Through contacts already made with the major DFIs, as well as outreach to the long-time foundations and philanthropies committed to the urban poor, the mayor was able to zero in on a handful of potential donors that could be approached, with the right preparation and evidentiary support, with a proposal for the entire long-term vision. Dakar was fortunate in that the mayor’s search brought the city to the Bill & Melinda Gates Foundation and its Urban Program within the Special Initiatives Group. That fit worked, and after an intensive six-month period of developing the grant application, the multi-year grant was approved in the summer of 2012 and the city was able to put in place an internal and external team with a mandate to pursue the goal.
Once the team was fully staffed, the Dakar Municipal Finance Programme’s work focused on preparing the city to access funds from local sources for capital-intensive projects. With the financial support of the Bill & Melinda Gates Foundation and a team of skilled experts ready to start work, the leadership of the City of Dakar directed the Program Management Unit (PMU) to select and then analyze the feasibility of priority projects identified by the city’s recently created Department of Planning and Sustainable Development. The PMU readily rejected two kinds of projects: those attractive to the private-sector for their revenue-generation but unable to meet development goals and those attractive for development goals but unable to meet private-sector expectations. An example of the first kind was a centrally located pay parking garage and of the second was new recreational fields or refurbishments to city-owned buildings used for district council meetings.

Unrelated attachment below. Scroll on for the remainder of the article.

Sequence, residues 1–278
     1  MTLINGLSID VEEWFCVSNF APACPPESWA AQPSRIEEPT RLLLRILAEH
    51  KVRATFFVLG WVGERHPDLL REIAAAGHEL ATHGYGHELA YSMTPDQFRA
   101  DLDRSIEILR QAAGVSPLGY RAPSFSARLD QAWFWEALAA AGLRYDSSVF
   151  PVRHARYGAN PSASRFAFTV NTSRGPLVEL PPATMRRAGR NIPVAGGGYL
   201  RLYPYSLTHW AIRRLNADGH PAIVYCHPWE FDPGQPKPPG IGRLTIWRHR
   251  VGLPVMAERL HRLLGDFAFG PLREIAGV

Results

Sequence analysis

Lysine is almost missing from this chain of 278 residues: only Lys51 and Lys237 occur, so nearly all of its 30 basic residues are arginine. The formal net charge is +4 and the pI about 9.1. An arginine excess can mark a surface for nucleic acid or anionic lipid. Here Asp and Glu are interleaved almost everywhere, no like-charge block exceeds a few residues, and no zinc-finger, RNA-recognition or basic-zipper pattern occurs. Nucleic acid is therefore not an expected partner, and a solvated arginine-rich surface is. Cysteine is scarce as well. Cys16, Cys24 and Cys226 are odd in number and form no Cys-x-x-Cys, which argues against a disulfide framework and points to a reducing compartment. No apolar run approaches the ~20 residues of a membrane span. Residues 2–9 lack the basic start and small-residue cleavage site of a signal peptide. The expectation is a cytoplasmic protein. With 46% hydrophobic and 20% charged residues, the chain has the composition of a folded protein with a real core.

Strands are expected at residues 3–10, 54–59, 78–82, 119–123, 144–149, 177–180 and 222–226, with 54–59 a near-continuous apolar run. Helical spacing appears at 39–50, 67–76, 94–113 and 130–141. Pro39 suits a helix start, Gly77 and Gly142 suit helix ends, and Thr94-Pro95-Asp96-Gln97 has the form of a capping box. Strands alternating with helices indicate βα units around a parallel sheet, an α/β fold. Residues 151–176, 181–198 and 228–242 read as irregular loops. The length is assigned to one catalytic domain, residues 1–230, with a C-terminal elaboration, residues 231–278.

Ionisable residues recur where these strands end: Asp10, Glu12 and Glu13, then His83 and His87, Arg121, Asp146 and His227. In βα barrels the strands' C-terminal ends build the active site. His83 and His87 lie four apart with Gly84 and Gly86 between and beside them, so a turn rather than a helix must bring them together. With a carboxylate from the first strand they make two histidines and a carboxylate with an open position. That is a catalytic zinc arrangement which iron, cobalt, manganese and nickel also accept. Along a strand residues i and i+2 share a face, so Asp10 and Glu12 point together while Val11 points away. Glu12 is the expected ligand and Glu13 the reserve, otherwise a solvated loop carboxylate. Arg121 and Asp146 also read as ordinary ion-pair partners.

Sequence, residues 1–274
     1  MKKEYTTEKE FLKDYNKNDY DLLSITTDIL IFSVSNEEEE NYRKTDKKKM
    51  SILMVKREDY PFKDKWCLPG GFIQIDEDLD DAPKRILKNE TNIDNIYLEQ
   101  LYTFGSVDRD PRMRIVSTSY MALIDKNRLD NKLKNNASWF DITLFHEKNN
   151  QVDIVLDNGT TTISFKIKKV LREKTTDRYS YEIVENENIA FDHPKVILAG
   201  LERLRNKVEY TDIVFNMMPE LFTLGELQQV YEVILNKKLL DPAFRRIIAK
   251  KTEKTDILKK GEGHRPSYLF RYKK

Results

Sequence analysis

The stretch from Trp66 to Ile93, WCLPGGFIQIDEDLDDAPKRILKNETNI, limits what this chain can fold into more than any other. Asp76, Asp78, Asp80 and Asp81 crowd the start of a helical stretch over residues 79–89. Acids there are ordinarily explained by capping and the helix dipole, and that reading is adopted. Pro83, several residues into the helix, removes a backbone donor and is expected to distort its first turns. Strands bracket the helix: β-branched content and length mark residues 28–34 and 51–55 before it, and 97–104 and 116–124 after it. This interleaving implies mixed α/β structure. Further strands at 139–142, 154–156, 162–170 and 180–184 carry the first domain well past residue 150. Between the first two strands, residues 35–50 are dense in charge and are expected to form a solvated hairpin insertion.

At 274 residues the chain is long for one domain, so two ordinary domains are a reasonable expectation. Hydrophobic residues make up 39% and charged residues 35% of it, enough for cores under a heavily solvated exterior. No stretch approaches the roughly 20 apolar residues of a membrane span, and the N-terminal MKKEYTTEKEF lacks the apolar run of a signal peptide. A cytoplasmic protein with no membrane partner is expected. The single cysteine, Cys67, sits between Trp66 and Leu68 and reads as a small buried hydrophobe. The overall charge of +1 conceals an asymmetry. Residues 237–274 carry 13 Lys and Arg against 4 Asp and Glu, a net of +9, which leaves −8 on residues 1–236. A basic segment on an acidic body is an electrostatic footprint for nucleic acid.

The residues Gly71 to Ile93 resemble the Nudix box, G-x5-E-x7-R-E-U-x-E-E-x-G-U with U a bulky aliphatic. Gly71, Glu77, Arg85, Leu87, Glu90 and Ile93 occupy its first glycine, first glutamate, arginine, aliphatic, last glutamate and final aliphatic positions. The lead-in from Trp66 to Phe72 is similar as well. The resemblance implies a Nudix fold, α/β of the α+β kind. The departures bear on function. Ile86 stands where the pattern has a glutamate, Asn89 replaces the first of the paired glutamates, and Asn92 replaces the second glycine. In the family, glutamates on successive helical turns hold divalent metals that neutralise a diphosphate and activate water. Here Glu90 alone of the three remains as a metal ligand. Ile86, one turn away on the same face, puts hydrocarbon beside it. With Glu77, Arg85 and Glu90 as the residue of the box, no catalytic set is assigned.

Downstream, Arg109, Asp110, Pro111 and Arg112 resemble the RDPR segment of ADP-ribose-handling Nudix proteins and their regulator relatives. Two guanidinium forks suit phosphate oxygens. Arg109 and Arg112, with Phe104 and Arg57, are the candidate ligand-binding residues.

Through a consultative process involving district leaders, non-governmental organizations, and other key stakeholders, the city ultimately identified a project that satisfied both development and private-sector goals: the construction of a marketplace for more than 4,000 street vendors. Vendor groups and other trade unions had been working closely with the city for months to select an ideal location for a new hall that would be able to offer affordable rates to street vendors.
The investment project met three leading criteria:
- Delivering a key development priority, as described in the city’s strategic plan
- Meeting private-market expectations through having a clearly defined revenue stream
- Garnering stakeholder support through collaborative decision-making